Khooni darwaza is a monument which is known more for its stories rather than actual history. In a typical case of ‘reputation precedes itself’, its sensational stories have almost wiped away its original history. So much so, that people hardly know the real name of the Khooni Darwaza, or what purpose it originally served. The actual history of the gate has been taken over by the tales of violence surrounding it.

‘Kuch imaratein banti hain eeton se,

Aur kuch banti hain azaaron se…’

(Some monuments are made of bricks, and some are made of suffering)

This article tries to keep the tales of suffering aside and first looks at Khooni Darwaza from a rational lens.

The Architecture of Khooni Darwaza

Khooni Darwaza
Khooni Darwaza. Image Source: Rachnakar

We visited Khooni Darwaza on our way back from the phenomenal Feroz Shah Kotla. The location of Khooni Darwaza, just in front of a major Medical college of India, and astride one of the main roads of India, is testament to the fact that history lives alongside the present and future in Delhi.

We stopped by the side of the road and looked across at this standalone monument, almost hidden by trees. I entered the vicinity curiously to see the backside of the infamous Khooni Darwaza. It is an imposing four-walled gate, nearly 51 feet in height and square in shape. For a gate, it is pretty large and spacious, with multiple floors inside. 

Heavy gates prohibiting entry into the gate. Image Source: Rachnakar

The entrance to enter the gate is blocked, but one can see staircases inside. Each staircase leads to the upper floors of this gate. 

Arch at Khooni Darwaza
Remnants of an Arch. Image Source: Rachnakar

As you turn to the side of the gate, you will come across a type of niche at the ground level of the monument. It looks ornamental, but a talk with Delhi historian Vikramjit Rooprai later on told me of its real significance[1]. This ‘niche’ was actually a much taller arch of the Khooni Darwaza and was four to five feet tall instead of the small structure visible now. These arches gave strength to the tall structure of the gate.

The reason behind this change?

The ground level during the time the Khooni Darwaza was built was much lower than what it is now. This feature can also be commonly seen in other old monuments like the Adilabad fort of Delhi.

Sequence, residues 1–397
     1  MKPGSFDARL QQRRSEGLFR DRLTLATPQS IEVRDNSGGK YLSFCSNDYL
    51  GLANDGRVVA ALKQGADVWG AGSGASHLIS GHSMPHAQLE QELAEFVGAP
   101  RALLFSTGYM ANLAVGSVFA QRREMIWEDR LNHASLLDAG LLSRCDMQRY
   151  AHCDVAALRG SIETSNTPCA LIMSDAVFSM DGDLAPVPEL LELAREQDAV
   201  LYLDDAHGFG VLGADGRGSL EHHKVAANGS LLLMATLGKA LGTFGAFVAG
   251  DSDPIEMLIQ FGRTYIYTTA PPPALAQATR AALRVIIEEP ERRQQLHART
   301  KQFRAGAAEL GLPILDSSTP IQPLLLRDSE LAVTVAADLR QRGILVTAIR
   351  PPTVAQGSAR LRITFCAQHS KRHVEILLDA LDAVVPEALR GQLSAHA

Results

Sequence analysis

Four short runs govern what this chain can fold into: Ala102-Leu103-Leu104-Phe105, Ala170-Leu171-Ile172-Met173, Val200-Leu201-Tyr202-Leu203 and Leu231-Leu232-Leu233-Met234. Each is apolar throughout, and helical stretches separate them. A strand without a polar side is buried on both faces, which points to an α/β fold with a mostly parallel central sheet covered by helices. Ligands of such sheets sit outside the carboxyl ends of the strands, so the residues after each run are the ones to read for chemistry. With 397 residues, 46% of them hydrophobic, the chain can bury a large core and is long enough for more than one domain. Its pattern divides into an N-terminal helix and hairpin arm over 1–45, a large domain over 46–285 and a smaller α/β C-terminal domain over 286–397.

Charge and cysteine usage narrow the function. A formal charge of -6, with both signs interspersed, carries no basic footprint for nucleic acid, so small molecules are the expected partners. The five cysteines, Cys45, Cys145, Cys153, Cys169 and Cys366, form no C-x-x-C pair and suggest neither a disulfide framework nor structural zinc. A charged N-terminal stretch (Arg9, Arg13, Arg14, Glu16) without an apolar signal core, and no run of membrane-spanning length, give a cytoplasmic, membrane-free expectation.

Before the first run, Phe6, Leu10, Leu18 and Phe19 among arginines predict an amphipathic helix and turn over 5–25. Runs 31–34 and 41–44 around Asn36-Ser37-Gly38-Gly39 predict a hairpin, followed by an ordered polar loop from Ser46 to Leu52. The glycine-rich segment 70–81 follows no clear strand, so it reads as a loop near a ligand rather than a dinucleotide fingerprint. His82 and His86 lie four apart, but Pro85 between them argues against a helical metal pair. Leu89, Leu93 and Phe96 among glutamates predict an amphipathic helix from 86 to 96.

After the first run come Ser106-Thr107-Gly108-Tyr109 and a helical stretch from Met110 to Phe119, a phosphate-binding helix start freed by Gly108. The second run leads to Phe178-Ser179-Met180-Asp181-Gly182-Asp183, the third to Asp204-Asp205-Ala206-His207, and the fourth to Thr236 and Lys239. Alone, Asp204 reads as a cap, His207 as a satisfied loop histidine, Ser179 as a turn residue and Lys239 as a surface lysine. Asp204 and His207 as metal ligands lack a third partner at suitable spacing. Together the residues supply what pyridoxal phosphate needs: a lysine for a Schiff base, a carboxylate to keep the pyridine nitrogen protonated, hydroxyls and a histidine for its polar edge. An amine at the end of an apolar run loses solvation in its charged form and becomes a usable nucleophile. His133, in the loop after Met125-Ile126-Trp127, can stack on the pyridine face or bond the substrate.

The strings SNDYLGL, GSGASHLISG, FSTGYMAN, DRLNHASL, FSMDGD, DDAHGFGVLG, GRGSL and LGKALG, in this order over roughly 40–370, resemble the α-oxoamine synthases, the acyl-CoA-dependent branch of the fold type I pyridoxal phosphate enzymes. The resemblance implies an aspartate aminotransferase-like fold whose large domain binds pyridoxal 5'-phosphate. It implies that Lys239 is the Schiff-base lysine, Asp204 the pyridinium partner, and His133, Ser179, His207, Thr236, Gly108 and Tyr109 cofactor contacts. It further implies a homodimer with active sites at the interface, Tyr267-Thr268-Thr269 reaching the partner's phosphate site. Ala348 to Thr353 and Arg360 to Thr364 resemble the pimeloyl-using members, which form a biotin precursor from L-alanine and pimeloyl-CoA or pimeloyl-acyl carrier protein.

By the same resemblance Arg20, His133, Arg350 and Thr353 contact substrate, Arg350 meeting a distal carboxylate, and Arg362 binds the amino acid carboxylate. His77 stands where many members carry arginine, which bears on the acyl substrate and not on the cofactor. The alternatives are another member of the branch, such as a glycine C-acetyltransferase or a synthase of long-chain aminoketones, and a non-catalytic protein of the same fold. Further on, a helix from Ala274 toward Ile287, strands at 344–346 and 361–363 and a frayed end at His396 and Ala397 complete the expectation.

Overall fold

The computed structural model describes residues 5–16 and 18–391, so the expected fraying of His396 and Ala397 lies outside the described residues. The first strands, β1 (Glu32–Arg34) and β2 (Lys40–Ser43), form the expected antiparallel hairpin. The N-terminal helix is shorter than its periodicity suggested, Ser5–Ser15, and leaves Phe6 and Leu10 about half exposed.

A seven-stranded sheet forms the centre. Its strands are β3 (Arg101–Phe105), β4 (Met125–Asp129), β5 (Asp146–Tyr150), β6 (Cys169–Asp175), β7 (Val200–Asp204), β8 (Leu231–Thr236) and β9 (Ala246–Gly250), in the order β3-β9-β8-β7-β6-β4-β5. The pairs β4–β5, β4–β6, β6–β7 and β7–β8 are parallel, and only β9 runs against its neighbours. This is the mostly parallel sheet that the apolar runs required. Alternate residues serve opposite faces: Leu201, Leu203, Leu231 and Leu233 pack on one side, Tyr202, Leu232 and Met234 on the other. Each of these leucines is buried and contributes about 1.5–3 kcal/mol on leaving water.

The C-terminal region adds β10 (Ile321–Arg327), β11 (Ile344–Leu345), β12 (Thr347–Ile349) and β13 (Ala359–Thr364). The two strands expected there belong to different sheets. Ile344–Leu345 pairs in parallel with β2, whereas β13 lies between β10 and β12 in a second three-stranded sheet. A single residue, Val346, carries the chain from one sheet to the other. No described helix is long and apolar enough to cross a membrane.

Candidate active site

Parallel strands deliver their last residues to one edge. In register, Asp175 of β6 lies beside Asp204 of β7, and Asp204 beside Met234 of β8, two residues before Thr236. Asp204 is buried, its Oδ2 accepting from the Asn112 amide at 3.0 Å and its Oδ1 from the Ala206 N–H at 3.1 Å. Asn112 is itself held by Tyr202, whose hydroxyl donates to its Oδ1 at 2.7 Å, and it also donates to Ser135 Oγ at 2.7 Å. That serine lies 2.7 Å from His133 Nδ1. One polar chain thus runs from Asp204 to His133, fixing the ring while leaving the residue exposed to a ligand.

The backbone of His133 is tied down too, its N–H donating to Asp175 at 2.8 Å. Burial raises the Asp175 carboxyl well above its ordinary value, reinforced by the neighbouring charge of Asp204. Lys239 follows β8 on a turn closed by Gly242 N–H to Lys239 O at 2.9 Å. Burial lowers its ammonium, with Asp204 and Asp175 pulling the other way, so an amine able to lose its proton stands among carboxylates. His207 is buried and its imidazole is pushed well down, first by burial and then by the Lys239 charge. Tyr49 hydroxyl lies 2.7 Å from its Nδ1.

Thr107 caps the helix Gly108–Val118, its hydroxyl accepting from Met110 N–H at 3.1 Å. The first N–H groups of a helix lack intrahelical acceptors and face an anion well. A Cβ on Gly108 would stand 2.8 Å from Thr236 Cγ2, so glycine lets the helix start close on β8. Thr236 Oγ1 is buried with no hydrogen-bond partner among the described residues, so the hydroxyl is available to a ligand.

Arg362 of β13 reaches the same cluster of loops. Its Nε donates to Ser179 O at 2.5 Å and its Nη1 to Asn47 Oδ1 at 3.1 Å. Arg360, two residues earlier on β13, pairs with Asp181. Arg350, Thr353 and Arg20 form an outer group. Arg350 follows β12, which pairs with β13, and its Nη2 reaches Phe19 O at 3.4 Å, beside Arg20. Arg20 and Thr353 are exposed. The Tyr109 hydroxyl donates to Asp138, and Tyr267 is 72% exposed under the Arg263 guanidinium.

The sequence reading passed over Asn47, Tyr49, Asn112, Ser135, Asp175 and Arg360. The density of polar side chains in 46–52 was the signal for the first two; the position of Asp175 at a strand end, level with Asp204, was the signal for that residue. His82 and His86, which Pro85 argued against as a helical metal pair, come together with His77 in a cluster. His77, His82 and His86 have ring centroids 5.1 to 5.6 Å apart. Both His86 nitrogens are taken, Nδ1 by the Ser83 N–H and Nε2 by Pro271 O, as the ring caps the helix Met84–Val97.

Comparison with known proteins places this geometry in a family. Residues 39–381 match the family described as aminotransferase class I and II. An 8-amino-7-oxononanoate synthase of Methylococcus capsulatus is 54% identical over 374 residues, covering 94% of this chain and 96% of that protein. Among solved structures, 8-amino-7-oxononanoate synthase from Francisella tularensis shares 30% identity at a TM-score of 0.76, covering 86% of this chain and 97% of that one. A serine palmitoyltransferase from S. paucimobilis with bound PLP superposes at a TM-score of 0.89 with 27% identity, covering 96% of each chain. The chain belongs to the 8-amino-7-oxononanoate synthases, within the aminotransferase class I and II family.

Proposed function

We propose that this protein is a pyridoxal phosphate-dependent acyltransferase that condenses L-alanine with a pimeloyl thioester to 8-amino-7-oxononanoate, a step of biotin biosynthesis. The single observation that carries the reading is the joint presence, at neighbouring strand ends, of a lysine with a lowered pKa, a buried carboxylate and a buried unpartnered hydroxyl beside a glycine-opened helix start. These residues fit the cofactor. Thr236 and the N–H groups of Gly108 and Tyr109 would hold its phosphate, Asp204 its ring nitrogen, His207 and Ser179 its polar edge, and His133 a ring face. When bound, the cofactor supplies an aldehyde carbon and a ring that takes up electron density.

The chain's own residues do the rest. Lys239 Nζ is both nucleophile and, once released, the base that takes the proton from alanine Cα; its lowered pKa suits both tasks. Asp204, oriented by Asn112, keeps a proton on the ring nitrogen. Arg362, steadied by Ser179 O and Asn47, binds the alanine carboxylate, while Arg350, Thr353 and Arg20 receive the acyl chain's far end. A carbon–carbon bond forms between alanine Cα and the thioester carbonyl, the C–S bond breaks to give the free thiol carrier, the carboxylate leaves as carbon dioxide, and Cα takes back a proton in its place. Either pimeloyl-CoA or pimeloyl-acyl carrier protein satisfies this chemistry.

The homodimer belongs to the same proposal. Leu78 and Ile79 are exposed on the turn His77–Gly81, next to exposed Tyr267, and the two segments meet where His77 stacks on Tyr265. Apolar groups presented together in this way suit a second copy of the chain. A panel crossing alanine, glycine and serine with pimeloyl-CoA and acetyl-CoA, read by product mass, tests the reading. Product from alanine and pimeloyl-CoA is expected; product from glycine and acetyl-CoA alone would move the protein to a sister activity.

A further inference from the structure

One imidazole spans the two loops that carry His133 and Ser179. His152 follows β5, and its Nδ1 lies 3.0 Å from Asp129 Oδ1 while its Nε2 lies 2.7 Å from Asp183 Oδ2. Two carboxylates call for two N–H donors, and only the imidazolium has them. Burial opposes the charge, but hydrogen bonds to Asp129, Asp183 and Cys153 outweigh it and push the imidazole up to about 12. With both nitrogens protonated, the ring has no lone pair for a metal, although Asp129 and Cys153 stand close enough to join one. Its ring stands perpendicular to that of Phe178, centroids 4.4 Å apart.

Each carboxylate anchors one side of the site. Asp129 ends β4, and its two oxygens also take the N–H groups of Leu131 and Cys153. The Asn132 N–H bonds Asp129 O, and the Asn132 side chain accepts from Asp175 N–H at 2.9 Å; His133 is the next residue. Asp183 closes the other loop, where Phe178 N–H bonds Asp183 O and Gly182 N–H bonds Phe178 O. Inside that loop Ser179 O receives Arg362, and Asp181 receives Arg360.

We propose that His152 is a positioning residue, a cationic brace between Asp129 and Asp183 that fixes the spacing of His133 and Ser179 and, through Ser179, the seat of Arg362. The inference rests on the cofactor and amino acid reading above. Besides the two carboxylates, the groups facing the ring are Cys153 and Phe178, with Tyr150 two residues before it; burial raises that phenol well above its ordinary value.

Carved brackets
Windows on beautiful carved brackets. Image Source: Rachnakar

On either side of the gate are some beautiful rectangular windows with overhanging edges called chhajja supported by beautiful carved brackets. But otherwise the exterior of the gate is relatively plain.

Kangura battlement structure atop Khooni Darwaza
Kangura battlement structure atop Khooni Darwaza Image Source: Rachnakar

Upon reaching the front side, we saw more embellishments to an otherwise plain building. The gate has the Kangura battlement structure[2] on top, giving it the regal look of erstwhile forts. The Kangura or Kungura battlement is an important aspect of Indian monuments which serves both military and aesthetic purposes. While the petal shaped roof boundary looks regal, it also served as a place for soldiers to guard and defend the building. Below the Kangura battlement, you will see three hole-like openings. These are called damaaga, since they look like nostrils[3]. The damaagas were also structure built for defence, and could be used to pour boiling oil on enemies scaling the gate.

Flower-shaped motifs at the sides of the front gate. Image Source: Rachnakar

The main entrance has two flower-shaped motifs on the sides, as well as two wonderfully carved pishtaq, or niches[3]. These niches could be used to keep lamps to light up the entrance in the dark.

Pishtaq seen on the right side of the front gate. Image Source: Rachnakar

The History of Khooni Darwaza